I've been waiting for Adventure Time: Hey Ice King! Why'd You Steal Our Garbage?! since was announced by the show's creator, Pendelton Ward, via Twitter last year. As both a huge fan of Adventure Time and of WayForward Technologies, my expectations were, admittedly, unreasonably high. If you're not familiar with the cartoon, it follows a heroic boy named Finn and his shape-shifting canine companion / brother, Jake. It takes place on a colorful post-apocalyptic Earth, referred to as the Land of Ooo. They help people with everyday problems, battle supernatural forces, and well... go on adventures. Of course they also have an arch-nemesis, The Ice King. In what is an obvious reference to certain video game franchises, he has a penchant for kidnapping princesses.
Take WayForward's trademark polish, beautiful animation and old-school flavor. Now combine that Adventure Time's quirky humor, large cast of characters and obvious love for video games, and the potential is clear.To say that it's both disappointing and far from it is a blatant contradiction, yet that's the feeling I'm left with after completing this criminally short game. Whatever you'd expect from an Adventure Time game is probably here, with the exception of the voice acting from the show's stellar cast. Yet the game seems to fall short of its potential, and not because of its quality. While it's not flawless, it is a very polished and enjoyable game. Just don't expect to enjoy it for very long.
The (rather lengthy) title is a pretty obvious precursor to the story: The Ice King steals Finn & Jake's trash for no discernible reason, so they set out on a quest to kick his butt and get it back. It's a simple premise, but it sets the tone for Adventure Time fans and newcomers alike, putting the show's random humor on display early and often. Along the way, you'll run into lots of characters from the first few seasons of the show, many of whom will send you on a side-quest or fetch quest that usually helps you advance the story. The writing really comes into play here, because it ultimately saves the game from becoming too repetitive. Which brings me to the next part...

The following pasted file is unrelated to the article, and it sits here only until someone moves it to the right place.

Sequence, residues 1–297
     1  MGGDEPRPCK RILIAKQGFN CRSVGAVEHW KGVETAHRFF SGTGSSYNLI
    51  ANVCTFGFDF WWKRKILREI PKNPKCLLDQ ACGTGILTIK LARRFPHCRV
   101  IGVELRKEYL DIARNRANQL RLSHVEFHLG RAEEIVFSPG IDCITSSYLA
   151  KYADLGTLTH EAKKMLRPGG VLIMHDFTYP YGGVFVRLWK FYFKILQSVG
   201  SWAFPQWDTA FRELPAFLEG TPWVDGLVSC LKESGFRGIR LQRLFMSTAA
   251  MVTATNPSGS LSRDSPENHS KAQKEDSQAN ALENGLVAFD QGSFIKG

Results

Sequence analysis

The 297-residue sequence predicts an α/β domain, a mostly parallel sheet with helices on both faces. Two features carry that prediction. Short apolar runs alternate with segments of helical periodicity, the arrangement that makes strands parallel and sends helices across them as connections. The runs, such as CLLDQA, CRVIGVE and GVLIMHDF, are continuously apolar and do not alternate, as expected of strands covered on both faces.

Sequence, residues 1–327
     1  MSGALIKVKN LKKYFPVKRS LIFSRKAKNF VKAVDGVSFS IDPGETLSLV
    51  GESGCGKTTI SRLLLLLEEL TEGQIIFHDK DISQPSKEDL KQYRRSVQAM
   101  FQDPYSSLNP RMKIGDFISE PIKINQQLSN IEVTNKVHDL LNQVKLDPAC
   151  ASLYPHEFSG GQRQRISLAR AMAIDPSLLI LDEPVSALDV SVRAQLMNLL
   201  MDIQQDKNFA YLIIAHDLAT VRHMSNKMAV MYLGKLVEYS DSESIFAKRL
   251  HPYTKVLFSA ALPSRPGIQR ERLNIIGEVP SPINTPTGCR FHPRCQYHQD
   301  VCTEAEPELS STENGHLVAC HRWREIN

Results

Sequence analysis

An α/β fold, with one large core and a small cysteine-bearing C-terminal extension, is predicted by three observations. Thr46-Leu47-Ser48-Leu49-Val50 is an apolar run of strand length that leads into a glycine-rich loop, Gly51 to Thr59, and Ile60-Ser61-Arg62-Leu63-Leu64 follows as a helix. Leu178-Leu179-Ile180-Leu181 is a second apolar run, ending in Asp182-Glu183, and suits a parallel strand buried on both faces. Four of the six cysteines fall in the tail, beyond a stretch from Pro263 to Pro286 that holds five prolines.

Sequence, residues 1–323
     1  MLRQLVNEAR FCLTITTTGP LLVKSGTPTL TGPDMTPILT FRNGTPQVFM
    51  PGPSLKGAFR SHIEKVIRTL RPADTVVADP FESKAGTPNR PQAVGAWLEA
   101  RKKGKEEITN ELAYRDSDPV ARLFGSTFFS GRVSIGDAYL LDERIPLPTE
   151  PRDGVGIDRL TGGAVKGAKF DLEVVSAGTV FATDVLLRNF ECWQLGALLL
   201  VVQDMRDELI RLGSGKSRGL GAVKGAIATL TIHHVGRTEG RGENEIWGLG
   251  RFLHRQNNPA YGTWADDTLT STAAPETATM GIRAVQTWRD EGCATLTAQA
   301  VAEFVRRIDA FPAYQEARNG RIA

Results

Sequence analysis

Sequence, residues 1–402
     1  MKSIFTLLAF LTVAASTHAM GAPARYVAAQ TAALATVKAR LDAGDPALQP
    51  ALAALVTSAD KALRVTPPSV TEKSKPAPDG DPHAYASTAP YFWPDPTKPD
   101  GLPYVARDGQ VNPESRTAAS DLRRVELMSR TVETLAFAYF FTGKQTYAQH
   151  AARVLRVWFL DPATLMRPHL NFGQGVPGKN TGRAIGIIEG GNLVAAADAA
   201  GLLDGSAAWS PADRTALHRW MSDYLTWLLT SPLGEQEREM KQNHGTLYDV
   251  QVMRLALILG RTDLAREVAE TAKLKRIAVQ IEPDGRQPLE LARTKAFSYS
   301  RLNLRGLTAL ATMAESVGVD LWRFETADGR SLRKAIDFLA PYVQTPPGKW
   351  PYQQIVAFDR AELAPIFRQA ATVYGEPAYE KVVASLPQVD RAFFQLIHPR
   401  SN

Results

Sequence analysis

As I previously mentioned, the bulk of the game involves you going on mini quests for the citizens of Ooo. You'll need to unlock certain abilities or find certain items to advance to the next part of the map. One mission requires you to prove the innocence of three people who are suspects in a pantyhose theft and wrongfully imprisoned by the Earl of Lemongrab, who is essentially a talking, bipedal lemon. One of the prisoners is a baby, and you'll need to find his birth certificate so you can exchange it for his pardoning. Most missions are similarly structured, but the amusing side-stories make playing through them worthwhile and keep the game from getting too stale.
The game plays nearly identically to Zelda II: The Adventure of Link. While in the RPG-style overworld, you'll find familiar locations from the show, occasional secrets, dungeons, and run into randomly spawning enemies. Almost every location or enemy you run into will take you from the overhead view to a side-scrolling section, in which you either have to get rid of all of the baddies, or travel from point A to point B. There are often secrets to discover, but nothing too hard to find, with the exception of one clever Easter egg. There is a New Game Plus, but by the time you finish, you've probably fully upgraded Finn's three stats, thus defeating the purpose of the slight bump in difficulty. It definitely has the feel of a game made for a younger audience. The enemies never present any actual threat, especially with the amount of pickups they'll leave behind. Dungeons and boss battles are relatively easy. The inventory system is straightforward, with all power-ups and health items in one place. That's not a complaint, but it gets to be a bit cumbersome while fighting a boss because you have to double-tap an item to use it, so I'd suggest keeping it organized to help avoid losing valuable items or using unhelpful power-ups.
Combat is as you'd expect, mainly consisting of jumping, hacking & slashing through enemies . You'll learn new abilities as you advance, for both Finn and Jake. About half of Jake's learned abilities are for use in the overworld, and he's not really of use during combat, which is a shame. Even his shield ability can only be used to block projectiles, though does come in handy during a couple boss fights. While there's nothing wrong with the gameplay, the lack of difficulty, creativity and repetitive nature make it feel like a missed opportunity.